It could be a great place for pedophiles to learn things you would never want them to know like everything about your babies and children.  It could also be a good place for identity theft.

          I have never minded giving my real name when signing up and even my address, then using a pen name.  

          In this era it is dangerous when you have mentally ill people who hate Democrats and other people to let them know anything about you.  

          I would not have said this 3 years ago, but there is a lot of evil out there that we should protect ourselves from.  Facebook needs a privacy policy.

          The least Zuckerberg can do is put a warning about how dangerous it is to put your info online and also let people use pen names.

          People could still locate old friends the same way that an adopted child gets in touch with their real parents.  

  •  In the words of Clint Eastwood... (1+ / 0-)
    Recommended by:
    Little Bill Daggett: I don't deserve this... to die like this. I was building a house.

    Will Munny: Deserve's got nothin' to do with it.
    [aims gun]

    Little Bill Daggett: I'll see you in hell, William Munny.

    Will Munny: Yeah.

    I presume the theory of "deserves" is all about making the case that someone else (the government) deserves it even more. What a crock of shit.
    •  Calm down there, old fellah. We're just talking (1+ / 0-)
      Recommended by:

      about a fair tax system.  Of course you could try arguing that the present one is perfect.

      Where are we, now that we need us most?

      by Frank Knarf on Tue Mar 13, 2012 at 01:24:35 PM PDT

      [ Parent ]

    •  What a great argument! (1+ / 0-)
      Recommended by:


      Mark Zuckerberg did nothing that warrants giving him control over that amount of resources. I agree with the diarist that most of the people we allow to control vast amounts of resources do not deserve those resources. They could not have achieved what they did without the rest of us, and those that went before. If you feel differently, then make a case. You may think you don't need to, that your case is obvious and doesn't need to be stated, but you would be wrong about that.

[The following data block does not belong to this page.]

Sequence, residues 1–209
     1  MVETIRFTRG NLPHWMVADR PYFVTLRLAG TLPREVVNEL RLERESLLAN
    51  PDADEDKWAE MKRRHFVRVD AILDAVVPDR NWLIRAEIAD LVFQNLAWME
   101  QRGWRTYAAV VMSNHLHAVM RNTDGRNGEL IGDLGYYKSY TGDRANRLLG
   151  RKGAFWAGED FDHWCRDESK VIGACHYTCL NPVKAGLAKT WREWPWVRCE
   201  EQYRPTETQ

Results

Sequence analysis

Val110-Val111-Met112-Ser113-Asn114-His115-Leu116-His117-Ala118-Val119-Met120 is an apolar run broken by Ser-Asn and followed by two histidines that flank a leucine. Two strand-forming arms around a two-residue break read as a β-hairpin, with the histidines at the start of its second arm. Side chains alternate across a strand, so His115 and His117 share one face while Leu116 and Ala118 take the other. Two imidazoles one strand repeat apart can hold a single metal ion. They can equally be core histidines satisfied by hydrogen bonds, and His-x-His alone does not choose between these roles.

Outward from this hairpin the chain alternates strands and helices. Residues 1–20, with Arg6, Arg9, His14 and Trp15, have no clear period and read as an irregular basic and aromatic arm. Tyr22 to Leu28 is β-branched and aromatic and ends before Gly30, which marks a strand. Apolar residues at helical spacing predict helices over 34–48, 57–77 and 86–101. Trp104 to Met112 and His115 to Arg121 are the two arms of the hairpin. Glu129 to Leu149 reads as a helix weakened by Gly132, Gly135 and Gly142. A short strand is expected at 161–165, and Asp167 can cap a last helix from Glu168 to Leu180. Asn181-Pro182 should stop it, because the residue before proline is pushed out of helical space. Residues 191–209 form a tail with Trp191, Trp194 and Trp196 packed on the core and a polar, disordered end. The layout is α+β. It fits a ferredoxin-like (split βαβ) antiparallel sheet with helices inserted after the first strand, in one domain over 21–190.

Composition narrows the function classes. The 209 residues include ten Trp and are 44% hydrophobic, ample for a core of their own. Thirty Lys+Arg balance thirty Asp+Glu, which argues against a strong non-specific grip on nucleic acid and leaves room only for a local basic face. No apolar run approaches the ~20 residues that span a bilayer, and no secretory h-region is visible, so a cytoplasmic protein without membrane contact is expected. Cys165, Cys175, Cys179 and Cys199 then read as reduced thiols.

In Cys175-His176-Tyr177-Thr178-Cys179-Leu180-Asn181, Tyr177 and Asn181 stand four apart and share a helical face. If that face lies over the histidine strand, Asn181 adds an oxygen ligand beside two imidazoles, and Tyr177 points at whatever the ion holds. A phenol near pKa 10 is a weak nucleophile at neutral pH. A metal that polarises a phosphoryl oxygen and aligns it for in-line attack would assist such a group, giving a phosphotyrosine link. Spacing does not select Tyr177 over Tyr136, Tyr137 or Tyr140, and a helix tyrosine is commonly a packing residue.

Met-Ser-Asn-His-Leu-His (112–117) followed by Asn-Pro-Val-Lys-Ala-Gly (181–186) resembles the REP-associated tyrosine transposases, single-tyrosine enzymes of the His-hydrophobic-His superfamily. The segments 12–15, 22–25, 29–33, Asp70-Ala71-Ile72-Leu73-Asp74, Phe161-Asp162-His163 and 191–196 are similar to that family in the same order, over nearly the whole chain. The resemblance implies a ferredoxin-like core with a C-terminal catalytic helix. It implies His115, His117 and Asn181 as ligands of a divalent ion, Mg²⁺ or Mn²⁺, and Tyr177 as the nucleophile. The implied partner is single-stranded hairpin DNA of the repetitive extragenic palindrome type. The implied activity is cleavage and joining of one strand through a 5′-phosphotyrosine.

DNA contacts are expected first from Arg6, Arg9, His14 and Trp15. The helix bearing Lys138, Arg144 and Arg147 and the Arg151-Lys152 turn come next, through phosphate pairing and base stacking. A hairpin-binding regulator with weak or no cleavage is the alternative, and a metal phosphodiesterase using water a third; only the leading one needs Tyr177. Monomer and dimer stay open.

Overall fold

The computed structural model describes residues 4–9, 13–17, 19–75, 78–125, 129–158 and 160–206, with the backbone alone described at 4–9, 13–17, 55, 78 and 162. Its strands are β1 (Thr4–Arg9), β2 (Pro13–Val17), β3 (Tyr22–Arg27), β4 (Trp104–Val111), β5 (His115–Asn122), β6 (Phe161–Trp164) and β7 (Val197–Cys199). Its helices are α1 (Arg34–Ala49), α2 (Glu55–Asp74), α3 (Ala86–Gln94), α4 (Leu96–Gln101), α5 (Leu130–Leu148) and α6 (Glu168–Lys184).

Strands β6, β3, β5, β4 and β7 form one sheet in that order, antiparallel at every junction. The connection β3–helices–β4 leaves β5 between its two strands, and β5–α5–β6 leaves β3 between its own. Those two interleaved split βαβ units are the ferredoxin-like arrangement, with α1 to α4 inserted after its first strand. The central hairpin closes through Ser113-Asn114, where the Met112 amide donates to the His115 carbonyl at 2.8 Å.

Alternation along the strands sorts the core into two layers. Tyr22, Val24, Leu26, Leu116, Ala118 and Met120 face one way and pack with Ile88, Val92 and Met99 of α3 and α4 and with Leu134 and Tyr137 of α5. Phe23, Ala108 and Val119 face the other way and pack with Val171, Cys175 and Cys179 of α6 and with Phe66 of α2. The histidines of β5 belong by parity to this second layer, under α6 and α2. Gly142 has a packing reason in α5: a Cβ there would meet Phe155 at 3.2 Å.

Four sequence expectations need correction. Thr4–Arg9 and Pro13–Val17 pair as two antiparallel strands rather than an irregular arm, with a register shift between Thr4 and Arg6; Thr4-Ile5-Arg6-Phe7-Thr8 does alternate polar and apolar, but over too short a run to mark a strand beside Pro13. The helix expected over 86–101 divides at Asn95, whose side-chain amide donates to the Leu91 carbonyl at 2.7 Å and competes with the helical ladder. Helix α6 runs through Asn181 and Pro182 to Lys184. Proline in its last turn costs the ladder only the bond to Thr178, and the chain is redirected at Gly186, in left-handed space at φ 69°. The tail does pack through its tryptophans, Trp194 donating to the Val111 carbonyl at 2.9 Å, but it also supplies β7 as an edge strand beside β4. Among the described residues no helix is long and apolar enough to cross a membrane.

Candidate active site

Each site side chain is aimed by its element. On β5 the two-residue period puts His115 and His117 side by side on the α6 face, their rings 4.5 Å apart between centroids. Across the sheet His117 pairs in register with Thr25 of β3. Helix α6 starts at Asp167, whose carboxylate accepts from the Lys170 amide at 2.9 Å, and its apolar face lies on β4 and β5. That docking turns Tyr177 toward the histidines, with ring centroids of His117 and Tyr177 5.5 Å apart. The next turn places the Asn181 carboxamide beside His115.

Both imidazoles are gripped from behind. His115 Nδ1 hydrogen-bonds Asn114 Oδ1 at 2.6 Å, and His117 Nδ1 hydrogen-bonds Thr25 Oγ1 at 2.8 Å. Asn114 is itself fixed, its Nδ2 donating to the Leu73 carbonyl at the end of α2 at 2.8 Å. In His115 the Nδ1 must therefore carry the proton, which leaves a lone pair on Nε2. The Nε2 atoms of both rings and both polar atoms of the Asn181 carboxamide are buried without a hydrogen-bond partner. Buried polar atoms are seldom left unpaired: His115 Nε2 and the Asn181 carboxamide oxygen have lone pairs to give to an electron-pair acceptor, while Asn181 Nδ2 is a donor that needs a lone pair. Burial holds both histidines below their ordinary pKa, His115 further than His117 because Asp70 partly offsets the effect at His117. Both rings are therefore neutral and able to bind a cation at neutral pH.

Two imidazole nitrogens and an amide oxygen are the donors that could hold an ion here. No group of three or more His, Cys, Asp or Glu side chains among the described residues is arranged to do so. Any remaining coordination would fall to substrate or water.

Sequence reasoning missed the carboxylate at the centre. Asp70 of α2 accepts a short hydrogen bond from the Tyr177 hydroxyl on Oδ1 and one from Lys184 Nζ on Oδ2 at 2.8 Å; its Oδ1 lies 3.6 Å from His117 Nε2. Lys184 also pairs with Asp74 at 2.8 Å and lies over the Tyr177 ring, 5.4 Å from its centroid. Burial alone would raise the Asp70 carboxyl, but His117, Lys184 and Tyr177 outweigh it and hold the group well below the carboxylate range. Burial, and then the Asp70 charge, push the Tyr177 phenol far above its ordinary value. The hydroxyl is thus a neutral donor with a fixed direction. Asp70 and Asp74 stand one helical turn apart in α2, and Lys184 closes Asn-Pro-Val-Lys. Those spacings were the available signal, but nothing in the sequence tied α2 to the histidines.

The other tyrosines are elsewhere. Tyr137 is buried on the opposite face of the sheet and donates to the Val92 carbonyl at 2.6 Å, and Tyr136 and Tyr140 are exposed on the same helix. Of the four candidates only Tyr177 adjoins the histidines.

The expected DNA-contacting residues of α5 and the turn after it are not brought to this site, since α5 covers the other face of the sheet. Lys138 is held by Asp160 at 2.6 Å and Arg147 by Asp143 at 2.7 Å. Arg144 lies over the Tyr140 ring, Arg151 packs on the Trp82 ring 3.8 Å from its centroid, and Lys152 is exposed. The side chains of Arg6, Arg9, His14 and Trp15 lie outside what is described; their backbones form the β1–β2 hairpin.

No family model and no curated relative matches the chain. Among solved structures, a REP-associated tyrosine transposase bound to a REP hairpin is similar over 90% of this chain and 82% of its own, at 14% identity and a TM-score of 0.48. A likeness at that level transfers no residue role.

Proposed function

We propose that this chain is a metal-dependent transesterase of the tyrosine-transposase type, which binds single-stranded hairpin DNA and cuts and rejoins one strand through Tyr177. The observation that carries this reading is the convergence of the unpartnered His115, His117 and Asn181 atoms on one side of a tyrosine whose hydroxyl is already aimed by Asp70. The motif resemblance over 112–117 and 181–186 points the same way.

We need to revive that "windfall profits" tax we used to have, because some folks, like the Zuck, feel perfectly comfortable leaching off the rest of us and not giving back.

  •  Yeah, just TRY to take that money from their (4+ / 0-)

    grubby little hands.  They are busily working on legislation (via our congress critters) to keep even more of their money.  They want us to have none and they have all.  That is the only distribution they want to hear about.

  •  Great book": The Self-Made Myth, by Brian Miller (1+ / 0-)
    Recommended by:

    and Mike Lapham, with a forward by Bill Gates, Sr.  They work for United for a Fair Economy and Responsible Wealth.

    I'm reading it now.  It details how rich people didn't get that way on their own.  A lot of the book is interviews with the rich saying that luck and public infrastructure played a large role in their doing well.

  •  Of Course He Doesn't Deserve It. (1+ / 0-)
    Recommended by:

    No one does.

    How I long for the return of the 94% top marginal tax rate.

    6/24/05: Charlie the Tuna Creator Dies En lieu of flowers, please bring mayonnaise, chopped celery and paprika.

    by LunkHead on Tue Mar 13, 2012 at 02:21:34 PM PDT

  •  the key point to me is the rich (0+ / 0-)

    need to pay their fair share of taxes.  "Fair share" includes helping to pay for all those things the diarist references that made those riches possible.

    Scientific Materialism refuted here

    by wilderness voice on Tue Mar 13, 2012 at 02:30:53 PM PDT

  •  Some things are just luck (0+ / 0-)

    and his was. He helped put together a site and managed to be the leader of a site that went viral.

  •  Profits should go to the users (0+ / 0-)

    as they're the ones who actually made Facebook worthwhile (and profitable by looking at/clicking ads).

    Join the fight for student power on campus:

    by Liberaltarian on Wed Mar 14, 2012 at 07:59:41 AM PDT

    •  Al Gore (0+ / 0-)

      as a senator pushed to have an information highway.  Before we had to spend about $8 an hour to the phone companies to use our computers, plus we had to pay an ISP.  He made using the phone lines free for computers.

      The taxpayers and posters have made it a great place to go.  Where would Zuckerberg go without the computers that have been created by developers and their enablers?

      I don't care how much people earn, but those who take so much money from the economy need to pay it back in the form of taxes to make our country whole again.